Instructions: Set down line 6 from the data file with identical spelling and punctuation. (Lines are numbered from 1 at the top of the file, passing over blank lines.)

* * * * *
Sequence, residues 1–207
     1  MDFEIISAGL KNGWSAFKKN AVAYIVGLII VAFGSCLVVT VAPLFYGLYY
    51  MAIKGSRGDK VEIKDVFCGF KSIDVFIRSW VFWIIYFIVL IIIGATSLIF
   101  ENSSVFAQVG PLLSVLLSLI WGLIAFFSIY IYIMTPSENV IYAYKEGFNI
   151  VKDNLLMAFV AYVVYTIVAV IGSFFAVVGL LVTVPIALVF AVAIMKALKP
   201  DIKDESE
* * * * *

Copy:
   201  DIKDESE